Question Video: Finding the Riemann Sum of a Trigonometric Function on a Given Interval by Dividing It into Subintervals and Using the Midpoints of the Subintervals | Nagwa Question Video: Finding the Riemann Sum of a Trigonometric Function on a Given Interval by Dividing It into Subintervals and Using the Midpoints of the Subintervals | Nagwa

# Question Video: Finding the Riemann Sum of a Trigonometric Function on a Given Interval by Dividing It into Subintervals and Using the Midpoints of the Subintervals Mathematics • Higher Education

Estimate β«_(1) ^(9) 5 sin (2β(3π₯)) dπ₯ using the midpoint rule with π = 4, giving your answer to four decimal places.

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### Video Transcript

Estimate the definite integral between one and nine of five sin of two times the square root of three π₯dπ₯ using the midpoint rule with π equals four, giving your answer to four decimal places.

Remember, we can estimate the value of a definite integral by using Riemann sums. We split the region into π sub intervals and create a rectangle in each. The total area of the rectangles gives us an estimate to our integral. In a midpoint Riemann sum, the height of each rectangle is equal to the value of the function at the midpoint of its base. And whilst itβs not entirely necessary, letβs sketch the graph of five sin of two root three π₯ out so we can see whatβs going on.

The graph of π¦ equals five sin of two root three π₯ looks a little something like this. Weβre going to split our region into four sub intervals. So, before we add any rectangles to our diagram, weβll work out the width of each sub interval. Geometrically, this tells us the width of our rectangles. Itβs given by β³π₯ equals π minus π over π, where π and π are the lower and upper limits of the definite integral, and π is the number of sub intervals. In this case, weβre going to let π be equal to one and π be equal to nine. And weβre told that π equals four.

So, the width of each of our rectangles is nine minus one over four, which is two units. This means our first rectangle will be between one and two. The height of this rectangle is the value of the function at the midpoint. So, thatβs at the point where π₯ equals two. In other words, the height of the rectangle will be π of two. Now, of course, this rectangle sits below the π₯-axis, so that will give us a negative value. Which is absolutely fine because eventually weβre going to subtract the area of the rectangles that lie below the π₯-axis from the area of the rectangles that lie above them.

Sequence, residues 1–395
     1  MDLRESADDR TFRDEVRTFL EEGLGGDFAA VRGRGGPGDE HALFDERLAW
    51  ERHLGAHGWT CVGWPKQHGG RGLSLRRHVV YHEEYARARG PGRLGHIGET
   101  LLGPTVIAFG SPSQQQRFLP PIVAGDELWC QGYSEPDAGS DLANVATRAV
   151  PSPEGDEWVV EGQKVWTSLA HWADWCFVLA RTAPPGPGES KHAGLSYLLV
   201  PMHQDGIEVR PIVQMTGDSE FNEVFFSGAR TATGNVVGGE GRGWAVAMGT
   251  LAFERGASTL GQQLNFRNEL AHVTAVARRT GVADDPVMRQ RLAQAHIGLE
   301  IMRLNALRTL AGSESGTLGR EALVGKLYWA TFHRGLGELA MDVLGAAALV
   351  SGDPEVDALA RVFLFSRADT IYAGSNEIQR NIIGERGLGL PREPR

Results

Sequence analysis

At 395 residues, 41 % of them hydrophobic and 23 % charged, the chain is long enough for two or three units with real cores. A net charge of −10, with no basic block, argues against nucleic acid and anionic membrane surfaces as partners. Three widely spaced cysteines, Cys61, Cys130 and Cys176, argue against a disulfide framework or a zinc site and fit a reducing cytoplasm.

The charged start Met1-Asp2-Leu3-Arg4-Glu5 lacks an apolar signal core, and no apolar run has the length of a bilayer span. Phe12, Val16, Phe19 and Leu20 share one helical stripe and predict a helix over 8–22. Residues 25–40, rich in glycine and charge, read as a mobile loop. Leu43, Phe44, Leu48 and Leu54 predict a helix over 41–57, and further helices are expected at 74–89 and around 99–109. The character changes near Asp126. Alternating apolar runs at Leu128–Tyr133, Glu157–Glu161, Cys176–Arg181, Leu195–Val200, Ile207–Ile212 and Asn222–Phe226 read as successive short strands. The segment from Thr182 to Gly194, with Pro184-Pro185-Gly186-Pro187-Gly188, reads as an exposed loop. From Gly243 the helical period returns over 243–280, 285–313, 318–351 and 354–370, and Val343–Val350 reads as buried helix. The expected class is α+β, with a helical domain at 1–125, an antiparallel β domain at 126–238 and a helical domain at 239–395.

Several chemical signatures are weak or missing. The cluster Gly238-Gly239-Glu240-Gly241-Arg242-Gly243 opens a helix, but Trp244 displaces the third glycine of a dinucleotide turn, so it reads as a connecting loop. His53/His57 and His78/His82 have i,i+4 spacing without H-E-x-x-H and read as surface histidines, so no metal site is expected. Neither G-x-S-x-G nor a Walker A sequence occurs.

Our next rectangle is going to go from π₯ equals three to π₯ equals five. The height of this rectangle will be the value of the function at the midpoint. Thatβs at the point where π₯ equals four. So, the height of this rectangle will be the value of π of four. Our third rectangle goes from π₯ equals five to π₯ equals seven. And, once again, the height of the rectangle is the value of the function at the midpoint. So, thatβs when π₯ equals six. Its height will be the value of π of six.

Our fourth and final rectangle will go from π₯ equals seven to π₯ equals nine. We notice once again that we have a rectangle that sits below the π₯-axis, so calculating the area will give us a negative value. And thatβs fine because we want to subtract the area from the area of the rectangles that sit above the π₯-axis. This time, the height of this rectangle is the value of the function when π₯ equals eight. So, weβre going to need to work out π of eight.

Now, we said that an estimate for the definite integral is the sum of the areas of the rectangles. Take into account that weβre going to subtract the areas of the rectangle that lie below the π₯-axis. And we know that the area of a rectangle is given by base multiplied by height. And so, the negative area of the first rectangle will be π of two multiplied by two. π of four multiplied by two will give us the area of the second rectangle. π of six multiplied by two will give us the positive area of the third rectangle. And π of eight multiplied by two will give us the negative area of the fourth rectangle.

We can work out π of two, π of four, π of six, and π of eight by substituting two, four, six, and eight into our function, respectively. And so, an estimate for our definite integral is five sin of two root six times two plus five sin of two root 12 times two plus five sin of two root 18 times two plus five sin of two root 24 times two. Thatβs 0.6125207 and so on, which, correct to four decimal places, is 0.6125. And so, using the midpoint rule, weβve estimated the value of our definite integral. Itβs 0.6125.

Now, throughout the video, I mentioned that we would subtract any areas of rectangles that lie below the π₯-axis. And at this step, it may have seen that we were adding these. However, if we work out the value of five sin of two root six and five sin of two root 24, we get a negative value as we would expect. And so, multiplying each of these individually by two maintains a negative. And these end up getting subtracted from the area of the other two rectangles. So, this does all of our work for us. The definite integral is approximately 0.6125.

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